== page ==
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Survivor of New Mexico Greyhound bus crash speaks to ABC15

Posted at 10:23 PM, Sep 04, 2018
and last updated 2018-09-05 01:23:27-04

Survivors of the New Mexico Greyhound bus crash are still recovering in the hospital Tuesday night. Others are trying to settle into their lives in the Valley.

"I didn’t think it would bother me like it does, but it [does]," said Josh Jones.

The worst moment of Josh Jones' life is on replay in his mind.

"I wake up in the middle of the night hearing that screeching in the tires. I hear the screams," Jones said.

The screams are those of fellow survivors and the memories of those that did not make it to the hospital.

"Great people...the people I met on the bus that are dead now. It’s just sad," Jones said, fighting back tears.

Jones first told ABC15 about the horrific crash in Gallup, New Mexico.

"As soon as we hit, I went over the seat," Jones said outside a Gallup hotel, just hours after leaving the hospital.

Over the weekend, Jones arrived in Mesa, where his dad lives, still wearing the same clothes.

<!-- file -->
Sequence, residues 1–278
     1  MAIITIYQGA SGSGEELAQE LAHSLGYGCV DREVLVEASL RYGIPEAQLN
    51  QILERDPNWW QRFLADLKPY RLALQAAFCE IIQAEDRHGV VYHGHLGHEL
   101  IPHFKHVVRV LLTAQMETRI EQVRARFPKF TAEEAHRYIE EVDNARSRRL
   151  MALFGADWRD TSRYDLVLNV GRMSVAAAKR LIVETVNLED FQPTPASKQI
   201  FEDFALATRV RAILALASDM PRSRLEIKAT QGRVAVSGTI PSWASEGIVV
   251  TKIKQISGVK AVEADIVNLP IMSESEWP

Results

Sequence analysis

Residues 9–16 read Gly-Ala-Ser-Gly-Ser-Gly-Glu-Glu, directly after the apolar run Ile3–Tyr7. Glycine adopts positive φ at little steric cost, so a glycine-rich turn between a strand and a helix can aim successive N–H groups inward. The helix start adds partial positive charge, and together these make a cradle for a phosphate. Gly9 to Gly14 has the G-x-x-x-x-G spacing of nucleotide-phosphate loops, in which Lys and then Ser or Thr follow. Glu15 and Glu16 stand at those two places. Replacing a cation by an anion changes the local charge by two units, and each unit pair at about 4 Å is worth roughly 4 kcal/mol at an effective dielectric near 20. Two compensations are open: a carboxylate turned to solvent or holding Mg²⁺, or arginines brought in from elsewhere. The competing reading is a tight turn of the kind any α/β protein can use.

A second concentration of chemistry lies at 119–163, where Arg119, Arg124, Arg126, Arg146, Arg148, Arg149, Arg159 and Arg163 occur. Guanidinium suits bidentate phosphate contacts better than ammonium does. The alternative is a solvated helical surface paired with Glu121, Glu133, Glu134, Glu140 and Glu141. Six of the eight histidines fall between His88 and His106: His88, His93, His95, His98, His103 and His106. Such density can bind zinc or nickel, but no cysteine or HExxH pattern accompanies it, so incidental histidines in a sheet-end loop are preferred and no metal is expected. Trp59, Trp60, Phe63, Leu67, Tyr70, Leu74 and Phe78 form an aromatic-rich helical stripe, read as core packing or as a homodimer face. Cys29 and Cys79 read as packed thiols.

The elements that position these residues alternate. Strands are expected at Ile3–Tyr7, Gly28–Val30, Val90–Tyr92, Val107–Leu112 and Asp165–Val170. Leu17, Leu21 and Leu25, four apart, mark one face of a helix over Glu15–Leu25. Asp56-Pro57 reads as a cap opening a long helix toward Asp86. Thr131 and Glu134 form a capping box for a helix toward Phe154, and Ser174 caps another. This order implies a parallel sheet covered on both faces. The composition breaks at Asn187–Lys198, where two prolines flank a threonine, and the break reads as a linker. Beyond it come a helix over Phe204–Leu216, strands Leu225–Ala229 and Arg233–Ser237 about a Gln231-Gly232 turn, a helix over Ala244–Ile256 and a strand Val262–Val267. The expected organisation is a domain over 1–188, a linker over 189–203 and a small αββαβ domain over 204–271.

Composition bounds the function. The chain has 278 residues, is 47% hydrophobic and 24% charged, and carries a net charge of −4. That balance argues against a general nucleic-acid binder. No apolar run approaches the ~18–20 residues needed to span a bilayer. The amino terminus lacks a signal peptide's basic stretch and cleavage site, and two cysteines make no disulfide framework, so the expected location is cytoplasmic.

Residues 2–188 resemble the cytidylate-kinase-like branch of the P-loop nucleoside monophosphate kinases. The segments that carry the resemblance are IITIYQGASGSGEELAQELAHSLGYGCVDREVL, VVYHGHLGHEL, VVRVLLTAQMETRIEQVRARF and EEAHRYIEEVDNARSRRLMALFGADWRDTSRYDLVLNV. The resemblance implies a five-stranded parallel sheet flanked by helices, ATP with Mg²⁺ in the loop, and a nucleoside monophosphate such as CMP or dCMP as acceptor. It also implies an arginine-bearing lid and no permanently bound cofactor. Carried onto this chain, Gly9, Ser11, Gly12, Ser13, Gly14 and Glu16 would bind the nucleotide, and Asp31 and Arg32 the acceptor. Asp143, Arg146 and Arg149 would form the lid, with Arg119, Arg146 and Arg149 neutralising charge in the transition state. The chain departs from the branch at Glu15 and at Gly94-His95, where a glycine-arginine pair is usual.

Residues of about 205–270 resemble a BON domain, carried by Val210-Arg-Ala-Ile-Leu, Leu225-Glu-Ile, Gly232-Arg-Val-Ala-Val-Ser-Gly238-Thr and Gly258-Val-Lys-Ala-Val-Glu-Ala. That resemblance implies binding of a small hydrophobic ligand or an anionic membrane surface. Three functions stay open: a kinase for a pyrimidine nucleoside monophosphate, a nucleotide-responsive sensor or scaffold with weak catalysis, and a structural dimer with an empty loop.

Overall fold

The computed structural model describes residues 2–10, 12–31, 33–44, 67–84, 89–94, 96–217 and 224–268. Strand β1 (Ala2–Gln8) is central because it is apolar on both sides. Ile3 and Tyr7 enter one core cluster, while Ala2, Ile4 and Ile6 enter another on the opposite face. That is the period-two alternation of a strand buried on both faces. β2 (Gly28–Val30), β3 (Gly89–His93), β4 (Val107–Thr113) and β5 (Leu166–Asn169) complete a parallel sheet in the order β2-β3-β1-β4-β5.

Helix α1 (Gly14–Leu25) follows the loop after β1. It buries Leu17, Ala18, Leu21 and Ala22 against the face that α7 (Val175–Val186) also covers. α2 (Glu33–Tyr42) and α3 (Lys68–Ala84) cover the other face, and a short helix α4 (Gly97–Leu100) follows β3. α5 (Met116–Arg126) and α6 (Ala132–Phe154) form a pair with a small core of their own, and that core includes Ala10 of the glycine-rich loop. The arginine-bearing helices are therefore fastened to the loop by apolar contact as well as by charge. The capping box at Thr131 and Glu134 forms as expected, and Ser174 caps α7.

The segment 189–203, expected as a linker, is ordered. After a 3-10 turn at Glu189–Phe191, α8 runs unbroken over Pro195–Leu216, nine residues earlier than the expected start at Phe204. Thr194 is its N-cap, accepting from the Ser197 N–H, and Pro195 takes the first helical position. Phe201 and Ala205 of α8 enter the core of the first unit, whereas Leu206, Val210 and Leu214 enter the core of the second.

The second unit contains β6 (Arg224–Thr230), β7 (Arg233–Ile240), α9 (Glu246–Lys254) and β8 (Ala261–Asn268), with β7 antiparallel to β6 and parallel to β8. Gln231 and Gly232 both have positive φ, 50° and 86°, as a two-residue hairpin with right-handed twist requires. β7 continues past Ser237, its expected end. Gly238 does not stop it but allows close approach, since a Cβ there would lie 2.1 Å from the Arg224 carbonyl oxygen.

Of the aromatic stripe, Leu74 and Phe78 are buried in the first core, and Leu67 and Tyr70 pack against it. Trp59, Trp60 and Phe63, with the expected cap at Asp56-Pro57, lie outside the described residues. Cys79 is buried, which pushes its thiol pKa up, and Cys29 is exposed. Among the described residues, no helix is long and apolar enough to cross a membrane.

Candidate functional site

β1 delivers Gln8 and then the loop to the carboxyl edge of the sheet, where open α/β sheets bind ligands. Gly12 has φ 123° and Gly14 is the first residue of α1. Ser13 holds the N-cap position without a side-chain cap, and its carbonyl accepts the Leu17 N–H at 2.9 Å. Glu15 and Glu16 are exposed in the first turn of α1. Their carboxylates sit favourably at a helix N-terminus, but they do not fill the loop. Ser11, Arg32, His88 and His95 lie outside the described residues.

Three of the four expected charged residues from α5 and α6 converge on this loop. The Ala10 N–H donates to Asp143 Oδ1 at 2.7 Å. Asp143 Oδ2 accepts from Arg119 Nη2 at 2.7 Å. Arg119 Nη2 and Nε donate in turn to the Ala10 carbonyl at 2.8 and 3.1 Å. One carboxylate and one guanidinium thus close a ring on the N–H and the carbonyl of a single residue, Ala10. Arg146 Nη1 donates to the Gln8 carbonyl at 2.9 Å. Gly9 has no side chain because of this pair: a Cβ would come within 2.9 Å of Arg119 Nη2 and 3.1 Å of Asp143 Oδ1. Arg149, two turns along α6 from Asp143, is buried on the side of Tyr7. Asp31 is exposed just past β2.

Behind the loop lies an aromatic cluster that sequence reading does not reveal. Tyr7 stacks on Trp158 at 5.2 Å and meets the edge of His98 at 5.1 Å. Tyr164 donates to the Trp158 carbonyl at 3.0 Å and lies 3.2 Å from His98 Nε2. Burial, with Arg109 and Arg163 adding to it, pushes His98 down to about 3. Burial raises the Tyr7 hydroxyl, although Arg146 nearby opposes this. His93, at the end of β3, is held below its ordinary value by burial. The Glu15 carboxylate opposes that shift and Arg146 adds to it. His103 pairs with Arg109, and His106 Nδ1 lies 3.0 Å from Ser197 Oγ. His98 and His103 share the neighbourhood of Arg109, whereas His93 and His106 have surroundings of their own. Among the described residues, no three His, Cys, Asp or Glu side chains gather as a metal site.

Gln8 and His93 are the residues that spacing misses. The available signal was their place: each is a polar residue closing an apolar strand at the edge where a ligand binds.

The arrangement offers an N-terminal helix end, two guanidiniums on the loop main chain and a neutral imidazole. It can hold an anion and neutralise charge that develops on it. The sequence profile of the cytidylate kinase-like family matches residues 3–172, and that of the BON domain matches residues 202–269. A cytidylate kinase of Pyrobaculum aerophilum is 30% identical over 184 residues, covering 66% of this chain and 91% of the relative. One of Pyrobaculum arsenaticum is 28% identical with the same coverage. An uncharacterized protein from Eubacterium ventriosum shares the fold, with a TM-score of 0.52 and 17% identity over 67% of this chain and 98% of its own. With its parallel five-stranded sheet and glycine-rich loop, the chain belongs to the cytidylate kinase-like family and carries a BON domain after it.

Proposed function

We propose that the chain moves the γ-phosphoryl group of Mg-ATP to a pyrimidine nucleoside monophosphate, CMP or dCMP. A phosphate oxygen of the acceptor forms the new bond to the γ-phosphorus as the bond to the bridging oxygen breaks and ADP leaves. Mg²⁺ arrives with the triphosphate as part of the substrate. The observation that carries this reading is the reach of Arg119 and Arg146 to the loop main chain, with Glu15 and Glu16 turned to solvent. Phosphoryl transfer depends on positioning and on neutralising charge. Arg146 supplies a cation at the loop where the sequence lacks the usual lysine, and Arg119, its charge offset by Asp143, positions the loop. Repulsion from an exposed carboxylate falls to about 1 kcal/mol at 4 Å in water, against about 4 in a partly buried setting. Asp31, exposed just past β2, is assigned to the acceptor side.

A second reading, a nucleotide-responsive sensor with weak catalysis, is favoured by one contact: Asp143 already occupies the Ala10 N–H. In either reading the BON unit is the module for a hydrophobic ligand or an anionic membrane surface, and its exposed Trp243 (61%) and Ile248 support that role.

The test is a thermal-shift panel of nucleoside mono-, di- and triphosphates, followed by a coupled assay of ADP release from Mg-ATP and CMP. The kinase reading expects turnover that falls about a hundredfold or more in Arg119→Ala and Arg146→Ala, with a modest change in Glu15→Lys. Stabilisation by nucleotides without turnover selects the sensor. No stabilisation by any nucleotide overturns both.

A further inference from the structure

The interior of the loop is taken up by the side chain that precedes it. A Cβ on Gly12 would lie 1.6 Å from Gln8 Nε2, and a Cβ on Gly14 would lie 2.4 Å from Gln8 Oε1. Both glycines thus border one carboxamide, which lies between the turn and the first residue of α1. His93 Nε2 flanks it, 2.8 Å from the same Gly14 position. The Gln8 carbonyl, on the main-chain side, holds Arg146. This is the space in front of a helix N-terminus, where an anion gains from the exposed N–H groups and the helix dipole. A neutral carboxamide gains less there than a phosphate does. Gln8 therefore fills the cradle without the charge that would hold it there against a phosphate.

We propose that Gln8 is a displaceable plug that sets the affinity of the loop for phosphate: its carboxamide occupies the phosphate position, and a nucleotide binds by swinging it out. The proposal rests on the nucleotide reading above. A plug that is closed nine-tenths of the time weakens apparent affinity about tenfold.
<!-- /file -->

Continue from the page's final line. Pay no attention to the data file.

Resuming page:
"All my possessions, my bag, my $1200, my phone, my ID. Everything is still on the bus," he said.

All the survivors are the same boat and staying in touch.

"Everybody on the bus that I know has filed lawsuits. I finally filed one today," Jones said. "I just want it for pain and suffering, and my medical bills."

The recovery process, physically and mentally will be long.

"I’ve got to get some counseling or some kind of something."

Right now, Jones is at a motel funded by the Red Cross, with a newfound faith and appreciation for life.

"I’m starting to get back into the Bible again," he said. "I realize that life is so short and it can be taken away that fast."

Josh said many survivors are upset with Greyhound. He claims the bus company told a surviving passenger they would be provided a meal in Phoenix and an Uber ride to their place in Phoenix, which he said never happened.

RELATED: Man helps pregnant woman, others off Greyhound bus after crash in New Mexico

Jones also said the California-bound survivors were forced to board a different regularly scheduled bus to Los Angeles, instead of being taken directly there on a private bus.

In a statement from Greyhound, a spokesperson said, "As you can imagine, Thursday’s incident was distressing for both our passengers and our team. While we are not aware of any specific promises made, we worked diligently to assist our customers by providing food, alternative travel schedules, rideshare services and hotel accommodations in accordance with their needs. While we believe we made every effort to care for our customers, we are sensitive to the concerns of all those affected and their families as their feelings are paramount. If the passenger is willing, we would like to connect with them in order to gain a better understanding of how we could have further assisted."